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Machine translation
Poibeau T., The MIT Press, Cambridge, MA, 2017. 296 pp.  Type: Book (978-0-262534-21-5)
Date Reviewed: Aug 20 2018

This small book (approximately size A5), part of the Massachusetts Institute of Technology (MIT) Press “Essential Knowledge” series, captures the essence of the machine translation (MT) field, from its origins to the present. As opposed to review books or textbooks, its focus is a panoramic view of MT, at the cost of in-depth details. The MT field has been active for more than seven decades, and it still faces tough challenges in accuracy and coverage. The book marks important milestones in this journey, including those that occurred before the arrival of computers.

The book spans 15 chapters, starting with an introduction that sets the stage. Chapter 2 examines some foundational issues, for example, characteristics of a good translation and ambiguity. Chapter 3 provides an overview of broad approaches, including rule-based systems, the Vauquois triangle, and statistical MT. The next couple of chapters look at some major pre-computer developments, many of which were a driving force in MT for many years to come. For example, the possibility of a universal language that can serve as translation’s interlingua was explored until recently. The exchanges between Norbert Wiener and Warren Weaver are quite interesting (and rarely covered in MT books).

Chapter 6 is on the biggest negative milestone in the history of MT: the Automatic Language Processing Advisory Committee (ALPAC) report, its impact on MT work around the world, and the consequent MT winter. MT came back with a bang, however, with the arrival of statistical approaches, as they promised at least a partial solution to the expensive knowledge engineering challenge of traditional methods. Chapter 7 discusses the key driver, a parallel corpus, and related issues. Issues of sentence alignment, which led to the notion of example-based MT, are discussed in some detail. Chapter 8 discusses example-based MT, and this discussion continues in chapter 9 with word alignment and statistical MT (SMT). Chapter 10 moves on to the segment-based approach. Since SMT is the most widely accepted approach today, it receives a fairly detailed treatment. Chapter 11 provides a focused review of SMT, outlining its limitations and challenges. SMT has been slowly giving way to deep learning of late, and this is the focus of chapter 12. Given the hype surrounding deep learning, however, this chapter is somewhat lacking. Chapter 13 discusses evaluation models, a topic often neglected in MT. Chapter 14 looks at the MT industry, examining actual use cases in practice. Chapter 15 concludes the book and examines issues like cognitively sound approaches.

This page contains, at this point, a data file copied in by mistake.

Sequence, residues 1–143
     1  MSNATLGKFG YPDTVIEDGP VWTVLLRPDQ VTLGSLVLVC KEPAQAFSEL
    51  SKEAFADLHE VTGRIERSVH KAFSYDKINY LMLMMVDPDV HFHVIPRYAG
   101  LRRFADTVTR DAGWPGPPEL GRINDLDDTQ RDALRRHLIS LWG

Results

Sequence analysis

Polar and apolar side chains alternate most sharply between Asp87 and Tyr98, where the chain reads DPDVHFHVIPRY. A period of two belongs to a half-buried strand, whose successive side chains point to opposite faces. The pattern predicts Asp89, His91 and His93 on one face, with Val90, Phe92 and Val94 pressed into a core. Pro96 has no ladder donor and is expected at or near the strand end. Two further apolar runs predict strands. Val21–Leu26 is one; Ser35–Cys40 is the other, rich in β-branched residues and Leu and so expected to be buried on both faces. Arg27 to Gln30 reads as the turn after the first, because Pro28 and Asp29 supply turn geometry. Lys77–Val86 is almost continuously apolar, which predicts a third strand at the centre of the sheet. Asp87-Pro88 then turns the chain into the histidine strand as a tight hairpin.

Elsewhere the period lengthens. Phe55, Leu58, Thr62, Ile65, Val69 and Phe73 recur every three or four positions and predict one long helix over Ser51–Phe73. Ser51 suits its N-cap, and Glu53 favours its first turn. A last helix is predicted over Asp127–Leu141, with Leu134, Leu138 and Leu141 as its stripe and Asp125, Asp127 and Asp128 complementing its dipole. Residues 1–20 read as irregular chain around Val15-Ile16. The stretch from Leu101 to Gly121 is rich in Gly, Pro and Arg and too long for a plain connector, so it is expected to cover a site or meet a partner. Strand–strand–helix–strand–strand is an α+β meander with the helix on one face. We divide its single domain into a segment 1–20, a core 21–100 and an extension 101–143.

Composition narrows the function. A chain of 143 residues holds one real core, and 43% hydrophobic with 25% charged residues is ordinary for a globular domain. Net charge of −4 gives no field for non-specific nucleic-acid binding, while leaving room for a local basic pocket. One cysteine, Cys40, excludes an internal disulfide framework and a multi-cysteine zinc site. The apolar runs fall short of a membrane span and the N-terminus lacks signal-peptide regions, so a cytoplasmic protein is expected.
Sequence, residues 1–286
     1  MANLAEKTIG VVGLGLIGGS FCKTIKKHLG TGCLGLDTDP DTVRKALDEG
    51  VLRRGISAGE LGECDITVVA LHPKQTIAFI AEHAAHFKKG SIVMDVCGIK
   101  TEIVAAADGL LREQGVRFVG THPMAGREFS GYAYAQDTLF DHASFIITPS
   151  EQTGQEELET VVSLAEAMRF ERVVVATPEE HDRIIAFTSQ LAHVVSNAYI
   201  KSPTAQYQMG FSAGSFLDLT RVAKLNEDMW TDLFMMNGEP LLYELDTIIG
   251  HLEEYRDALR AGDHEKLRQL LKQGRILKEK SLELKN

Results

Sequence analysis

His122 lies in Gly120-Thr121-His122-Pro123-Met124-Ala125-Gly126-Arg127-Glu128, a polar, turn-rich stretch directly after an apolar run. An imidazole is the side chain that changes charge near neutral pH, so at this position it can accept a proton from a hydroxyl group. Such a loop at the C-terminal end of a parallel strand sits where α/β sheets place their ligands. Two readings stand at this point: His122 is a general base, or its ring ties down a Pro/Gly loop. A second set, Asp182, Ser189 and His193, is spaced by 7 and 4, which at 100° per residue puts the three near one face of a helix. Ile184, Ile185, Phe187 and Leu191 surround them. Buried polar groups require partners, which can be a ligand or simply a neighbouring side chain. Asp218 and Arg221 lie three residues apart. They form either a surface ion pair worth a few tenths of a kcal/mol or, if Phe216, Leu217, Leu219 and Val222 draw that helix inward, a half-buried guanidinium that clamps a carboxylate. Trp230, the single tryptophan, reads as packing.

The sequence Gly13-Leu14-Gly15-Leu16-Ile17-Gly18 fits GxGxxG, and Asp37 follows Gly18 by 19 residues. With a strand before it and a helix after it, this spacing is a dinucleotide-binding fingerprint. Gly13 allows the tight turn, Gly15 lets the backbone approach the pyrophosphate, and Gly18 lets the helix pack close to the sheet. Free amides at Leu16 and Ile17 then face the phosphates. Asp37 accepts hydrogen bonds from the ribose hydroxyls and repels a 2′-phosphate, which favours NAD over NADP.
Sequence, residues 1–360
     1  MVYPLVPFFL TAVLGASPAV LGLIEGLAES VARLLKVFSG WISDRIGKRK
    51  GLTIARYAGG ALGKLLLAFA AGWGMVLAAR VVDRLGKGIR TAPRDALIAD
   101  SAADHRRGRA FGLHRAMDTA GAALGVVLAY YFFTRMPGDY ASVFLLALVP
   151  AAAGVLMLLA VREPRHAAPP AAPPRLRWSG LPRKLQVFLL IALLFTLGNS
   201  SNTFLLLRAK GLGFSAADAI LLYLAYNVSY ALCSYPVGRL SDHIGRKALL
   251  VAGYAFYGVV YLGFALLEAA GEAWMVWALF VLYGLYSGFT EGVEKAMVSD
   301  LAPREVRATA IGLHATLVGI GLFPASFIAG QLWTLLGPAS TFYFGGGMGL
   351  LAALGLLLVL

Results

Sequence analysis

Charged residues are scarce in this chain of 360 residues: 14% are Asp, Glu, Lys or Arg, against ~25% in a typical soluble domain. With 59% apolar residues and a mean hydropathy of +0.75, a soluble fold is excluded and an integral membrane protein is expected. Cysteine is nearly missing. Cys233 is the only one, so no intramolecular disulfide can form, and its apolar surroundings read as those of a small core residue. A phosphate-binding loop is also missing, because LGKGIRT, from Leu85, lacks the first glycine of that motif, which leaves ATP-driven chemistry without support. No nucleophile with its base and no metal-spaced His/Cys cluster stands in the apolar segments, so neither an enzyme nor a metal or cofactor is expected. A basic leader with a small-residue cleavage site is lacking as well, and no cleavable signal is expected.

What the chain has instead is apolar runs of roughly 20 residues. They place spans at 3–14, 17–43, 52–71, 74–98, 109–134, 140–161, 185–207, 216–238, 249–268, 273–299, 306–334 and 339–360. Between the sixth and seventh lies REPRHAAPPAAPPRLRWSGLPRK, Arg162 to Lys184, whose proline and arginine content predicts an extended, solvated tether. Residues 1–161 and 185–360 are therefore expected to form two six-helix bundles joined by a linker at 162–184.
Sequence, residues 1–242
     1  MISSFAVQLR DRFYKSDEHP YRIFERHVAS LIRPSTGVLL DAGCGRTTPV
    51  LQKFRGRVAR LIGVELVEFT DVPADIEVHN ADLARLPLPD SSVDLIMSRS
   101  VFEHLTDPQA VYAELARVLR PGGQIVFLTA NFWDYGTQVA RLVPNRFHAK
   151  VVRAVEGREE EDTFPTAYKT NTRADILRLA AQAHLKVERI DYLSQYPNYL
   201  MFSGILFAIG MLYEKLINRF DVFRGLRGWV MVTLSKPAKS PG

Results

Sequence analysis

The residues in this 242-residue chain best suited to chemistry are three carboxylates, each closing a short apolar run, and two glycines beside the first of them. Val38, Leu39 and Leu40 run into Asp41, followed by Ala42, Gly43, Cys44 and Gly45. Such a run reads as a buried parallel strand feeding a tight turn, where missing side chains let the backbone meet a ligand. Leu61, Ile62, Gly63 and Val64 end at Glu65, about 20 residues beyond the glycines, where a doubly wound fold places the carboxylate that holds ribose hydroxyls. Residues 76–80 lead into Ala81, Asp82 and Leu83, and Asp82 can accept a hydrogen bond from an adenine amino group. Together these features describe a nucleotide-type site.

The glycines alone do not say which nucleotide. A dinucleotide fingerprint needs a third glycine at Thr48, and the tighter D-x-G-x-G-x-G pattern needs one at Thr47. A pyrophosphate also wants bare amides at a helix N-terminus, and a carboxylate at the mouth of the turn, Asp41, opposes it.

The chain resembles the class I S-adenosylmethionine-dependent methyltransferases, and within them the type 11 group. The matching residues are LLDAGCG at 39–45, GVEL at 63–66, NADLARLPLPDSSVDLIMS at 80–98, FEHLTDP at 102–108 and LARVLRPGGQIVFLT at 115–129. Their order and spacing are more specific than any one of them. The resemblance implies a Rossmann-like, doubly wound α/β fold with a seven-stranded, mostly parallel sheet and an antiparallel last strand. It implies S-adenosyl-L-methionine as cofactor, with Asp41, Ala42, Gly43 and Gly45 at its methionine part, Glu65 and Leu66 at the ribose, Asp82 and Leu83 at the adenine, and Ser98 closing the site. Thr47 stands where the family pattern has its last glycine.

The book is a pleasurable read. The language is smooth and coherent. Readers will learn many interesting tidbits, even if they are already familiar with the field of MT. The book will also help readers make connections between the different developments on the MT timeline, including how these developments have influenced the different strands of MT. I would have liked to see a chapter on challenges to MT (for example, the different language phenomena). However, on the whole, I strongly recommend this book for anyone interested in languages, and MT specifically.

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Reviewer:  M Sasikumar Review #: CR146211
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